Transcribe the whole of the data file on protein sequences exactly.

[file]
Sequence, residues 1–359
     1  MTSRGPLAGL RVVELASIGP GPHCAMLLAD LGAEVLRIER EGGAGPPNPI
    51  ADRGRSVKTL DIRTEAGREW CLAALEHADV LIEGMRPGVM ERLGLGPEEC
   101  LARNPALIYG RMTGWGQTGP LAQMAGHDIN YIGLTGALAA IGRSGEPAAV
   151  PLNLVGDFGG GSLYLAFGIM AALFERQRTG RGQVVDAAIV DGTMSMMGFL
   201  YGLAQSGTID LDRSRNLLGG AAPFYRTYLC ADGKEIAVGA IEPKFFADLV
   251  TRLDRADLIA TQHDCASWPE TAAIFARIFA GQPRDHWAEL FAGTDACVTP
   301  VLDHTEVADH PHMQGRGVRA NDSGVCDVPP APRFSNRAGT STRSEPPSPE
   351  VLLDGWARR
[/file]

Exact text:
Sequence, residues 1–359
     1  MTSRGPLAGL RVVELASIGP GPHCAMLLAD LGAEVLRIER EGGAGPPNPI
    51  ADRGRSVKTL DIRTEAGREW CLAALEHADV LIEGMRPGVM ERLGLGPEEC
   101  LARNPALIYG RMTGWGQTGP LAQMAGHDIN YIGLTGALAA IGRSGEPAAV
   151  PLNLVGDFGG GSLYLAFGIM AALFERQRTG RGQVVDAAIV DGTMSMMGFL
   201  YGLAQSGTID LDRSRNLLGG AAPFYRTYLC ADGKEIAVGA IEPKFFADLV
   251  TRLDRADLIA TQHDCASWPE TAAIFARIFA GQPRDHWAEL FAGTDACVTP
   301  VLDHTEVADH PHMQGRGVRA NDSGVCDVPP APRFSNRAGT STRSEPPSPE
   351  VLLDGWARR